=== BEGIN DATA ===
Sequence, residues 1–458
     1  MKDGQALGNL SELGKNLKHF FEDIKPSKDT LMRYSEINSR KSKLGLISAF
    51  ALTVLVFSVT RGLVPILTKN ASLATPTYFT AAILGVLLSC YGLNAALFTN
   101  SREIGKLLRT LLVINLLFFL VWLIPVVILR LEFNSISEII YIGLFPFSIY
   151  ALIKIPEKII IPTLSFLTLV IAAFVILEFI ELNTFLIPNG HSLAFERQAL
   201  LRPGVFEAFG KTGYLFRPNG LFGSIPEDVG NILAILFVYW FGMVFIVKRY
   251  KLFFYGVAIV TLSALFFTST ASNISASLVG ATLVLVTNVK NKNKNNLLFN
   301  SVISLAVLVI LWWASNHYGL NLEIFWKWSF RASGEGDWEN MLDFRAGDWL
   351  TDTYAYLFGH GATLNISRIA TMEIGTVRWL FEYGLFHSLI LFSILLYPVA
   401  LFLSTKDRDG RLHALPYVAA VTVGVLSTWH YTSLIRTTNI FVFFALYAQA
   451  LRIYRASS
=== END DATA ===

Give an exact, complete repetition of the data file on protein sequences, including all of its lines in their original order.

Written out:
Sequence, residues 1–458
     1  MKDGQALGNL SELGKNLKHF FEDIKPSKDT LMRYSEINSR KSKLGLISAF
    51  ALTVLVFSVT RGLVPILTKN ASLATPTYFT AAILGVLLSC YGLNAALFTN
   101  SREIGKLLRT LLVINLLFFL VWLIPVVILR LEFNSISEII YIGLFPFSIY
   151  ALIKIPEKII IPTLSFLTLV IAAFVILEFI ELNTFLIPNG HSLAFERQAL
   201  LRPGVFEAFG KTGYLFRPNG LFGSIPEDVG NILAILFVYW FGMVFIVKRY
   251  KLFFYGVAIV TLSALFFTST ASNISASLVG ATLVLVTNVK NKNKNNLLFN
   301  SVISLAVLVI LWWASNHYGL NLEIFWKWSF RASGEGDWEN MLDFRAGDWL
   351  TDTYAYLFGH GATLNISRIA TMEIGTVRWL FEYGLFHSLI LFSILLYPVA
   401  LFLSTKDRDG RLHALPYVAA VTVGVLSTWH YTSLIRTTNI FVFFALYAQA
   451  LRIYRASS